lauantai 26. maaliskuuta 2011

REVIEW - WWE Survivor Series (2004)

GENRE(S): Sports / Fighting
RELEASED: October 2004


I feel quite disheartened right now. Something didn't quite add up when I was getting ready to review WWE SmackDown vs. Raw 2007 - it felt wrong, like I had forgotten something. I checked THE LIST - this is the first time I've regretted writing the whole thing - and I did indeed find one more game that was unrelated to the SmackDown vs. Raw series, released in 2004... for the Game Boy Advance. After playing the last game in Game Boy Advance's exclusive WWE sub-franchise - WWE Road to WrestleMania X8 - I made somewhat of an oath never to touch a pre-PSP handheld wrestling game again, but what can I do? I already knew what I was in for, I just didn't quite expect to see a game that has not changed AT ALL in two years as far as graphics and crappy controls go. WWE Survivor Series is a pathetic waste of time, the stained crown jewel of the crappiest year of modern wrestling games there was.

There's one good thing about it - it's the last one

Graphically, the game is absolutely identical to Road to WrestleMania X8. Since they added the "Story Mode", I guess the technical limitations of the Advance prevented them from improving the graphics. It still looks good, but makes the feeling of "been there, done that, hated it" that much more prominent. The game sounds the best of all the three Advance titles; the original music's good and the theme songs are at least recognizable. Even in MIDI, Motörhead rules... they're Motörhead, of course they do.

For the first and only time in a Game Boy Advance game, the brand extension from 2002 is dearly noted. There are eight wrestlers on the Raw brand, and an equal amount on the SmackDown! brand. The funny thing is that about 14 out of the 16 wrestlers are of undisputed main event material, and we have Chavo Guerrero on SmackDown! and Christian on Raw to cap it all off. I love Captain Charisma to bits, but back in 2004, when he was still a heel, he got an anti-push for the ages; he wasn't really the most ideal playable character in a game. And Chavo? Regardless if he was face or heel, Chavo has never really struck me as a very special singles competitor.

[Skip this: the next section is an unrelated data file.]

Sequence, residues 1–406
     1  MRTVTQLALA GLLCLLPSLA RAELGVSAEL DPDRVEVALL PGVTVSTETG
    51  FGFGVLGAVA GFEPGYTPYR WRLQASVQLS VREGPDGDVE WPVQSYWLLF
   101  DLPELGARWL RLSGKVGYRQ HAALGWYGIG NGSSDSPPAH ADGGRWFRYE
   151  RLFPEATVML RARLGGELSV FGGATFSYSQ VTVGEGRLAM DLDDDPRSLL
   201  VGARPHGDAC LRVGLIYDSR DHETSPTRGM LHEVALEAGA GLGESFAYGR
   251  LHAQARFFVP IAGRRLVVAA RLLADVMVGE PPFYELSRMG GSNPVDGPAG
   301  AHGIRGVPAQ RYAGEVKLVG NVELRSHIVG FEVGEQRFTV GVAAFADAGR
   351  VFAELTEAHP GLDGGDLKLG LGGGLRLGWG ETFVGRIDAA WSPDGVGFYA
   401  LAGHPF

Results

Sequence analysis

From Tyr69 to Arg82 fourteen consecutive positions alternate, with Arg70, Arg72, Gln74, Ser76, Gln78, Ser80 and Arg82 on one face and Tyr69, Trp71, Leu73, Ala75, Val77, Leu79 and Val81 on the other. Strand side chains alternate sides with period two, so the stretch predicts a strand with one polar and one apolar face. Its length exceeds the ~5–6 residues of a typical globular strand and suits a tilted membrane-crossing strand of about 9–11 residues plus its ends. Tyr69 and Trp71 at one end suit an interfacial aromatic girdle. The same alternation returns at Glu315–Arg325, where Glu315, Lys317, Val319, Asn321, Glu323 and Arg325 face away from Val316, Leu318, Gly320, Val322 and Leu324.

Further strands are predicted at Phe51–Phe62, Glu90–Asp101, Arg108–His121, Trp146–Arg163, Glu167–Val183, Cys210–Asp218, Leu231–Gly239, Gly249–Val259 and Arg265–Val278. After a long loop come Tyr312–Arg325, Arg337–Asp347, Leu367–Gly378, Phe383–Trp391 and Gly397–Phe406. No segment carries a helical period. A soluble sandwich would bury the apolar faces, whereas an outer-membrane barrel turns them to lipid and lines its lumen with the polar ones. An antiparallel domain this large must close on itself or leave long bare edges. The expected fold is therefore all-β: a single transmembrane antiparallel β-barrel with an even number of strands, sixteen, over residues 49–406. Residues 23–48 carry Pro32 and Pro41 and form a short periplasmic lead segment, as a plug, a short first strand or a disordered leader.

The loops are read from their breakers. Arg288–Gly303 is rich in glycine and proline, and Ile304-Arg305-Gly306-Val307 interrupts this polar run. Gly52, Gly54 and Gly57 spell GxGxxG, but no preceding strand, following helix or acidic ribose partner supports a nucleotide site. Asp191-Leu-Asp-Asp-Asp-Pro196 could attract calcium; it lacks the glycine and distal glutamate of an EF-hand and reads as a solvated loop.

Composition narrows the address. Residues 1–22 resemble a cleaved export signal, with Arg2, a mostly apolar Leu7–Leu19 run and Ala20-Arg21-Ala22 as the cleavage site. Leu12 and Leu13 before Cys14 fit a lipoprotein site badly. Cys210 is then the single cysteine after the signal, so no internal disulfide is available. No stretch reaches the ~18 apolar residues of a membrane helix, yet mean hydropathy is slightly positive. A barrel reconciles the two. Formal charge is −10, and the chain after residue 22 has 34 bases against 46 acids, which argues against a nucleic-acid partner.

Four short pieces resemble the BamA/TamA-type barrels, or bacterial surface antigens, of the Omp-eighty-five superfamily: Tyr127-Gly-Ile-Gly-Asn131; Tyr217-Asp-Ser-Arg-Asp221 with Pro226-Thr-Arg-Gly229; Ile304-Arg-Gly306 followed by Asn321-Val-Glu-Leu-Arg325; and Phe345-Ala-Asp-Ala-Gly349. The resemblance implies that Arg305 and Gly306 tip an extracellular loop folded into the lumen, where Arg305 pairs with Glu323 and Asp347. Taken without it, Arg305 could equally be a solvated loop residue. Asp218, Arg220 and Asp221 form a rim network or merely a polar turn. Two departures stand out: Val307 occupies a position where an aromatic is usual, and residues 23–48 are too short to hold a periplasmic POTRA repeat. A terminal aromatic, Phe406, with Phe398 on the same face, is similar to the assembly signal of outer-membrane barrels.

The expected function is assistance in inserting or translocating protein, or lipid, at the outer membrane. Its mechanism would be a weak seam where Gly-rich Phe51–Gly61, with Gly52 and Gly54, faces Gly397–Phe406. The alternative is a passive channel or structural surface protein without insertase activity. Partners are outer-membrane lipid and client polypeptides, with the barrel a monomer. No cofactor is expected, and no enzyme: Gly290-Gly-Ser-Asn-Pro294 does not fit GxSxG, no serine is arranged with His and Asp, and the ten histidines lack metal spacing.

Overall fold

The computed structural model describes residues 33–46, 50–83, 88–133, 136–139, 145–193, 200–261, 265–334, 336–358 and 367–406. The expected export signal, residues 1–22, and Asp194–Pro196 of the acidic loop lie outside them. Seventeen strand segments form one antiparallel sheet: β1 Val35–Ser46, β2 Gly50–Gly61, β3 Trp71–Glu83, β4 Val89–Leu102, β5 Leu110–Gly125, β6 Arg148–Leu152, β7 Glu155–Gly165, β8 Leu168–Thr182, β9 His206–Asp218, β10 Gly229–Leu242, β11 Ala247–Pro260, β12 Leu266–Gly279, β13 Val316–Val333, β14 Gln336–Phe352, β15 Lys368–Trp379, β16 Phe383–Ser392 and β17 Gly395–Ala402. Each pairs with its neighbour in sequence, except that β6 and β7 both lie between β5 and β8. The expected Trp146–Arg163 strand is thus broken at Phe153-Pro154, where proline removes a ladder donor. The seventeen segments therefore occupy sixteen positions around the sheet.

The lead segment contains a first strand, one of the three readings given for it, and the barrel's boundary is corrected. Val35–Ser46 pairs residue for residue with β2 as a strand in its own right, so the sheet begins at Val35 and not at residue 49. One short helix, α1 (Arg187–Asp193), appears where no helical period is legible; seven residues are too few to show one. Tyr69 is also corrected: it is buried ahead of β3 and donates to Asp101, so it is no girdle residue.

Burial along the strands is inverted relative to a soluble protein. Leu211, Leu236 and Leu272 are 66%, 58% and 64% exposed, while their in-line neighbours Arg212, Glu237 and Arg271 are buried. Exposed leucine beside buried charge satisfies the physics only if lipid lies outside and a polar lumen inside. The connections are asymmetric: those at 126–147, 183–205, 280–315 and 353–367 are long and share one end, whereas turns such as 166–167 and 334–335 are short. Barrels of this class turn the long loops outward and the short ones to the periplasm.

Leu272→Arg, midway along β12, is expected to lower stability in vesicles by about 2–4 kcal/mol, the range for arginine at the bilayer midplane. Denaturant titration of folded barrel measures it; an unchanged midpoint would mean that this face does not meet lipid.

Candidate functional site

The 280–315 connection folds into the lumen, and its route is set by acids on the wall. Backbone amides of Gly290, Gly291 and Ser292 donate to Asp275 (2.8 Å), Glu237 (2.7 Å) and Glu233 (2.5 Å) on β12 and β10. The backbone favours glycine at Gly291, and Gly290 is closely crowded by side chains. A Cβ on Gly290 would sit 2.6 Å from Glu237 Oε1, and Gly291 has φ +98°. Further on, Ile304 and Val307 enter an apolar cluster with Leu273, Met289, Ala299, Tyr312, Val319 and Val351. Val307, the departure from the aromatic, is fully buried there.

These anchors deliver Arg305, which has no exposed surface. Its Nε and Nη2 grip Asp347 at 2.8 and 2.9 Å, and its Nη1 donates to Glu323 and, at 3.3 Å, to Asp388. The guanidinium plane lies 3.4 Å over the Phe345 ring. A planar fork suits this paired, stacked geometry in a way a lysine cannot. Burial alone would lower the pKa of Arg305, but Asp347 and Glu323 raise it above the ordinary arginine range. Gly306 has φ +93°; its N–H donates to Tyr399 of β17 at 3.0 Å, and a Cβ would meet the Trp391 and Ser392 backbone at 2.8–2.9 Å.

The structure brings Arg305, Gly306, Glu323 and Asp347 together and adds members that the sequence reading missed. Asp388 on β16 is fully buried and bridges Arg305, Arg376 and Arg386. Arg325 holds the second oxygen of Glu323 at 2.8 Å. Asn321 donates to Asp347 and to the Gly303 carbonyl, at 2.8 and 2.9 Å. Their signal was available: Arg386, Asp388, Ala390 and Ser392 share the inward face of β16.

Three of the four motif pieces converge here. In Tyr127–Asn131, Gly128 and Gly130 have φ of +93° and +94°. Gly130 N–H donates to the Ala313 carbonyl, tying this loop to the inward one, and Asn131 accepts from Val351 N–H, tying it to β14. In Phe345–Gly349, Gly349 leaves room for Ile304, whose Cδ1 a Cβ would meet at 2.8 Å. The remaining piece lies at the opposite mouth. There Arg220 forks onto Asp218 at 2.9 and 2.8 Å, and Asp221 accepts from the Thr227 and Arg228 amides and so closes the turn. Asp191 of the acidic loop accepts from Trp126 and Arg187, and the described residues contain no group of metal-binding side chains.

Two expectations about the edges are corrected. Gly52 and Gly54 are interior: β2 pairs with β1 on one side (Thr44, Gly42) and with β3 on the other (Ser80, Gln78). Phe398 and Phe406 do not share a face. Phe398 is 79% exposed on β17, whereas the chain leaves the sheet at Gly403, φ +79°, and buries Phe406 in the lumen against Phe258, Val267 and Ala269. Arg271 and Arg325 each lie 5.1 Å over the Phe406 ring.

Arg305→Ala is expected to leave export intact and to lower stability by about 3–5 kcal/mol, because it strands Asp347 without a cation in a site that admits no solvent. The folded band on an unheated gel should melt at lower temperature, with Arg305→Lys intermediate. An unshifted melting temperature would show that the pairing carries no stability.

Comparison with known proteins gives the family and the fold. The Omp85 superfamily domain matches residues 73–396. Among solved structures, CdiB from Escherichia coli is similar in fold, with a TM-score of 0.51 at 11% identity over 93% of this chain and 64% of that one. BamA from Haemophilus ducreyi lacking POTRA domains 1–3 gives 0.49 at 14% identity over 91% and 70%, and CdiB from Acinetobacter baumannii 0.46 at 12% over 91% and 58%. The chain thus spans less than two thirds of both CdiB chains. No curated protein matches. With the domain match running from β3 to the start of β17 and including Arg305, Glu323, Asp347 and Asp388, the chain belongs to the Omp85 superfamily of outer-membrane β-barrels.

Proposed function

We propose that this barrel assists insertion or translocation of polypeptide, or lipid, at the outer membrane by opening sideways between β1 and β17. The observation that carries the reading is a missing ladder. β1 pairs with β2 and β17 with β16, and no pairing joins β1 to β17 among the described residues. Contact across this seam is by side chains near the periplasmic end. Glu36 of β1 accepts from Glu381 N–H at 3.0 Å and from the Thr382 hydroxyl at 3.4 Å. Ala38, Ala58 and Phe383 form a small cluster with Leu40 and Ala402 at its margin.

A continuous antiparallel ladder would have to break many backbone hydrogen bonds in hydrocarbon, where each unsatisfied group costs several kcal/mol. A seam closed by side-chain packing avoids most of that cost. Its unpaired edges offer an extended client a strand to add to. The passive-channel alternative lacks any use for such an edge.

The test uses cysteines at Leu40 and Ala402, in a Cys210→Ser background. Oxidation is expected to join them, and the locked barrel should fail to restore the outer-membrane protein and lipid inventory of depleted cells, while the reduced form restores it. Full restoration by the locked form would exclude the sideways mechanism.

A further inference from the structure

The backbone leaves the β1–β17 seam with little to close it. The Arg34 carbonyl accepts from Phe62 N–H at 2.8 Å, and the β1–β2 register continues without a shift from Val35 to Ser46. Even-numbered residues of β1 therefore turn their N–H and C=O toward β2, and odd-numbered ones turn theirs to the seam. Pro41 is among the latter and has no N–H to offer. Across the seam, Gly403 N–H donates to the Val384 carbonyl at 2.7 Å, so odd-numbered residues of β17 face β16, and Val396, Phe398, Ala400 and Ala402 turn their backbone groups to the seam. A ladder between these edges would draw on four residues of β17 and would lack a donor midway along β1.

Not quite the most epic match we've seen
between the former tag champs.
WWE Survivor Series has a Story Mode like the first game in the Advance series, but this time they luckily settled with still images of wrestlers and executives talking to you in simple text format instead of appearing in those poor man's cutscenes they had in Road to WrestleMania. I chose Chris Jericho as my wrestler and started hacking through the story right away. First, Vince turned up and welcomed me to the WWE and all that. Well, thanks, though Jericho has been with the company for quite some time. Former world champion, mind you. Then, Eric Bischoff laid down some house rules, which unfortunately are very strict. You see, to make it in this game you need to follow a certain code which is nearly impossible to follow due to the horrible controls.

To make a long story short, the "code" is all about winning matches, being flashy and using as many different moves in all matches as you can, using a variety of weapons in Hardcore matches, and using your finishing move to win. For example, just doing one DDT in a match counts for an increase in popularity. Sounds all dandy, but like I said, we would need a somewhat playable game to keep up with the code. Even trying to colour the match up a little usually results in your opponent grappling you from the back and suplexing you from here to eternity. Never turn your back on the opponent! And never get caught up in a pin, to point out a recurring problem. So, I've only won three matches and therefore, made it through the first "storyline" in the game, and my popularity is still worth an "E". Well, of course it is - the bad controls prompt me to do everything I can to win the match - punch-kick-punch-kick-punch-kick-a lucky bodyslam - instead of really trying to live up to Bischoff's demands of high-quality sports entertainment.

If the game was any more responsive, it would be challenging and fun to live up to the code. This unique theoretical feature of the game has all the potential to separate it from the games that preceded it, but it doesn't work by itself. They had a good idea here, but seemingly Natsume forgot that a good idea is only the first part of execution. It's useless to utilize a good concept if nothing is done to improve the gameplay. I'm willing to bet they thought Road to WrestleMania X8 was criticized because it didn't have any sort of Story, Season or Career Mode. Wrong, it was criticized 'cause it was a shitty game with horrible controls. They followed the wrong path here, ending up with another shitty game with horrible controls - another ridiculous, useless item in the history of professional wrestling games. Luckily they finally realized they were going nowhere with these Advance exclusives.

SOUND : 8.8


GameRankings: 52.62%

As of March 26th, 2011, the only game I've ever reviewed that can't be found in the MobyGames database. A very random piece of trivia, I know, but interesting.

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